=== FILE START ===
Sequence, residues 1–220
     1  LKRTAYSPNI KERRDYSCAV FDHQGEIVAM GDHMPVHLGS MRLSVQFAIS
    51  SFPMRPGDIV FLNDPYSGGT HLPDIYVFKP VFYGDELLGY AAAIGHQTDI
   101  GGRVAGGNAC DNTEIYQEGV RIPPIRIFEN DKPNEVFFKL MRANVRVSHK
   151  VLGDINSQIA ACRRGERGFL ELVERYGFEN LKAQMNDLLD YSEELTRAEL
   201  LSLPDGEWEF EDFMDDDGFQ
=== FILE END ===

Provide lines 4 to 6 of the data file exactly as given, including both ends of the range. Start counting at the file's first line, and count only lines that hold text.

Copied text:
   101  GGRVAGGNAC DNTEIYQEGV RIPPIRIFEN DKPNEVFFKL MRANVRVSHK
   151  VLGDINSQIA ACRRGERGFL ELVERYGFEN LKAQMNDLLD YSEELTRAEL
   201  LSLPDGEWEF EDFMDDDGFQ